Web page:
Stone One-room School (c.1820)

Stone One-room School (c.1820) (Photo credit: origamidon)

INTRO

            “At the Board meeting of November 20, 2012, the Greater Essex County District School Board (GECDSB) approved the closure of the Ruthven Public School effective June 30, 2013 and declared the school surplus to the needs of the Board.”

            The above paragraph was included in a notice to the Town of Kingsville in April along with the announcement that the GECDSB was issuing a proposal to offer the property for sale at a fair market value to a number of organizations. Yes, that is a door you hear closing.

WHEN ONE DOOR CLOSES

            School closings are hard. They are hard on the children who called the Ruthven Public School their school. They are hard on the teachers and staff who taught and worked at the school. They are hard on the community. And they are hard as they close a door never to be opened again.

            The saying “when one door closes another one opens” is trite but true. The students from Ruthven will be transferred to other schools, the majority to Jack Miner, and I am here to say that the transition will work. How do I know? Because many many years ago my school was closed and I was transferred to Jack Miner Public School (at the time it was Gosfield South Public School). The difference was I went from a one room school house to what we referred to as the “big school”. The transition for the Ruthven students should not be as daunting.

            At the time I was transferred a lot of the one room school houses in the area were closed so I was not the only deer caught in the headlights of a big change. At my school, six grades were taught in one room, while the grades ones and twos were taught in the boys’ and girls’ rooms—the rooms that housed our coats and bathrooms. We were civilized though—the bathrooms were closed off from the main part of the boys’ and girls’ rooms—so the six and seven year olds were not being taught how to read with Dick and Jane, Puff and Spot in the presence of the toilets.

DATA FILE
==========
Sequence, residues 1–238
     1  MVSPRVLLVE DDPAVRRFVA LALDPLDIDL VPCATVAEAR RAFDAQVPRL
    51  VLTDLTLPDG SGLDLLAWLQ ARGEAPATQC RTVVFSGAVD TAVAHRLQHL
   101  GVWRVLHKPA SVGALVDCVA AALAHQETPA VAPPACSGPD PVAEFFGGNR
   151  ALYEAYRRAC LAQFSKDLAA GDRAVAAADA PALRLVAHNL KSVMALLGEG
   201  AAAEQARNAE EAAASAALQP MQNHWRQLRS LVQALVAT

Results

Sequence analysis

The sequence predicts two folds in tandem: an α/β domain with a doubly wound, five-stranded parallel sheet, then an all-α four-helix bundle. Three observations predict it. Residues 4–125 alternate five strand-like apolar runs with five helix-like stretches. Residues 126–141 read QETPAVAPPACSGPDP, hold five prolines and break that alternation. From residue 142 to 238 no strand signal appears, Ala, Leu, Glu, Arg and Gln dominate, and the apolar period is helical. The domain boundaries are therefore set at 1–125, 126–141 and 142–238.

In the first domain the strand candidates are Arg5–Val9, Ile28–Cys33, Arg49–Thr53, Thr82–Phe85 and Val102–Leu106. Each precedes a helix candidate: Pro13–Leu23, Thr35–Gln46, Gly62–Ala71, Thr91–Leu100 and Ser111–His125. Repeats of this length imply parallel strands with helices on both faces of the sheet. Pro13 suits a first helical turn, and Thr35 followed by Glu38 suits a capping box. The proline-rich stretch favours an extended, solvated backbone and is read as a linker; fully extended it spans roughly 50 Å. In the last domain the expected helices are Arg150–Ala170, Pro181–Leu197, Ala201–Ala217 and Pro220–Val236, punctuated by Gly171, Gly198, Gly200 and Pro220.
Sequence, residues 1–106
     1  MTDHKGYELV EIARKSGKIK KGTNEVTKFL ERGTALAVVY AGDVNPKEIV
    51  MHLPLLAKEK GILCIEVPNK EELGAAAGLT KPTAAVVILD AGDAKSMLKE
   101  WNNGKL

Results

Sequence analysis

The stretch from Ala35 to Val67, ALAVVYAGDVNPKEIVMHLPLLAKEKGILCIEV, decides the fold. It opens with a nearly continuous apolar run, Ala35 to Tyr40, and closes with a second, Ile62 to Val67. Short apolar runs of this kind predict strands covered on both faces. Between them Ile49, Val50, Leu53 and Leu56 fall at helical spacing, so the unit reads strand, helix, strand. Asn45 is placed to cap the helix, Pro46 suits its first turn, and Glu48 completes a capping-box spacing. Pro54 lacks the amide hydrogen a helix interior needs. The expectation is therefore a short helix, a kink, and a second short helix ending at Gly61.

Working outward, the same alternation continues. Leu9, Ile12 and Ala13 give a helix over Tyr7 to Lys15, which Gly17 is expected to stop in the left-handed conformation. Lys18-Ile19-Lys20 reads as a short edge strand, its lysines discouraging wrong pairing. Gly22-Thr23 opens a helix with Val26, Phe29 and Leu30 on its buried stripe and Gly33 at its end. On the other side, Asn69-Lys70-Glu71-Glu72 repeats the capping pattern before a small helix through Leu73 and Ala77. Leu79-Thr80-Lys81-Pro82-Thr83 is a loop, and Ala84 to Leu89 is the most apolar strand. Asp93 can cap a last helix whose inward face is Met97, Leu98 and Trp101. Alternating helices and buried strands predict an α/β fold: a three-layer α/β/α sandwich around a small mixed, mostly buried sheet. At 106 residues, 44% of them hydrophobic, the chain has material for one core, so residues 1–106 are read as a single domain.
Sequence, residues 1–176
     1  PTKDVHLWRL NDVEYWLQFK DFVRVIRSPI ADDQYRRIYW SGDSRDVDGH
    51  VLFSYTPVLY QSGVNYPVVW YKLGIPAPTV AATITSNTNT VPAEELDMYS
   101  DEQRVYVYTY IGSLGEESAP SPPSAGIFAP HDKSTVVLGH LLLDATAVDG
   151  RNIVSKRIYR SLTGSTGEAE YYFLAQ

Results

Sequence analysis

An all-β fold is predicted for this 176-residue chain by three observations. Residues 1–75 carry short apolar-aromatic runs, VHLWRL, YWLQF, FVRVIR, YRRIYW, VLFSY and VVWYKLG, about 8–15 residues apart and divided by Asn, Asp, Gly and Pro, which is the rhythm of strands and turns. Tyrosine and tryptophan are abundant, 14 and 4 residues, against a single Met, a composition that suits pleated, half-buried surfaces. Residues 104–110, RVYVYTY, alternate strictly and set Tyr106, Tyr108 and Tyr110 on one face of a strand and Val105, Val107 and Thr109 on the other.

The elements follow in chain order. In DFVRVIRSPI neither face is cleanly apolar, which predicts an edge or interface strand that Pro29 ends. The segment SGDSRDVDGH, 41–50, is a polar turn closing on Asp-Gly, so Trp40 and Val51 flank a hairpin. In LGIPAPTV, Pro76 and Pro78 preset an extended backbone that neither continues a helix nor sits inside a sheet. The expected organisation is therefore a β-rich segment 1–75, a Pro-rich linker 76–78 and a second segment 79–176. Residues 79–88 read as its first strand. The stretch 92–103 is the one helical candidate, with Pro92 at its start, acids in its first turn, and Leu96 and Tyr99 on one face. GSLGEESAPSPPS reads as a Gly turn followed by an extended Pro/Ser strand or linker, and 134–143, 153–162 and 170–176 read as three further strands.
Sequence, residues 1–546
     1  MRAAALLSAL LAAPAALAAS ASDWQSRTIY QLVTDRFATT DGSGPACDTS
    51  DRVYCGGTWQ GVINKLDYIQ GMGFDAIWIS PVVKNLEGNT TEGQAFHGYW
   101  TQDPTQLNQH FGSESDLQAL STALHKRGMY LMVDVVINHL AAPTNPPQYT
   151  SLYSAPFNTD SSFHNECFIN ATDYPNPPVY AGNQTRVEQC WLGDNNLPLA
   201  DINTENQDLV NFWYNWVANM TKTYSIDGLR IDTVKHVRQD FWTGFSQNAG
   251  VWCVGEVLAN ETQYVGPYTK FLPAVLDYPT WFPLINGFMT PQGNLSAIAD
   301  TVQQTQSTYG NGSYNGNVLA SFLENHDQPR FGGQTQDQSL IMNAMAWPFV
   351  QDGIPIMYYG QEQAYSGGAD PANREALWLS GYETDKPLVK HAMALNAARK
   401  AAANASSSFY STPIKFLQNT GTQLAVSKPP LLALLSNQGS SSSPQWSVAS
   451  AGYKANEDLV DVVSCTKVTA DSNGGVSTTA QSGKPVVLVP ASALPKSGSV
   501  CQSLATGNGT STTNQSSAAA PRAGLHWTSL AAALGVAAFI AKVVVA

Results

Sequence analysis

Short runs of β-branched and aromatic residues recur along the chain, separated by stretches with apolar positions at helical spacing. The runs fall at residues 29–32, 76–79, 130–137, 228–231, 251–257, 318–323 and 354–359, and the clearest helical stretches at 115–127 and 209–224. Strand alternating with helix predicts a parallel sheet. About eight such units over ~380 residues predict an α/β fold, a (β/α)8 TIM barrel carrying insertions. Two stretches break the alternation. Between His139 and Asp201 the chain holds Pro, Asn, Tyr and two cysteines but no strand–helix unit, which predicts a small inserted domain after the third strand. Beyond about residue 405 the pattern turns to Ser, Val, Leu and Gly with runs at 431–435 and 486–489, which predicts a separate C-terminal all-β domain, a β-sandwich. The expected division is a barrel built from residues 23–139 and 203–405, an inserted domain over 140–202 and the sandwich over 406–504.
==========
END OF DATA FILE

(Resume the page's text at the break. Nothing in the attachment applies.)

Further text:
I remember my first day at the “big school”. I had to take a bus to get to the school which was a scary adventure in itself. Then when I arrived at the school there was some confusion as to where to go. The newbies had not been introduced to the new school beforehand (which on reflection would have been a really really good idea). When things were sorted out, I found myself sitting in a classroom of about 30 kids all the same age. We were pretty well all ten years old, and in my class many of us were like fish out of water—joining kids whose home school was Gosfield South. I guess we were somewhat of a foreign entity, and I heard rumours later that our intelligence was in question as no one was certain if the kids coming from the one room schools were up to speed.  Speaking on behalf of my cohorts— we were.

            I do not remember the transition taking long. I liked my new school, and my teacher went to my church so that was comforting. There were quite a few of us in the same boat so it seemed to go pretty smoothly. There were a lot of advantages to going to a bigger school though I missed some of the community feel of my little school. To this day I do not regret the opportunity afforded us.

            Kids are resilient. They cope because they have to—and what is at first strange and weird becomes normal. I feel badly for the students who may no longer be able to walk to school, and be “hugged” by their tightknit community, but speaking from experience, adopting a new school is not insurmountable. Economics govern and we may see some other closures and adaptations in the future. I know if my kids were affected I would be concerned—but moms and dads, students and teachers: consider this a new and exciting adventure. It is the only way to at first, muddle through; second: assimilate; and, third: enjoy the ride.

CONCLUSION

            I leave you with these words from Anna Quindlen, from her book, “A Short Guide to a Happy Life”: “I learned to love the journey, not the destination. I learned that this is not a dress rehearsal, and today is the only guarantee you get.” Enjoy your summer vacation knowing a new “today” is awaiting you.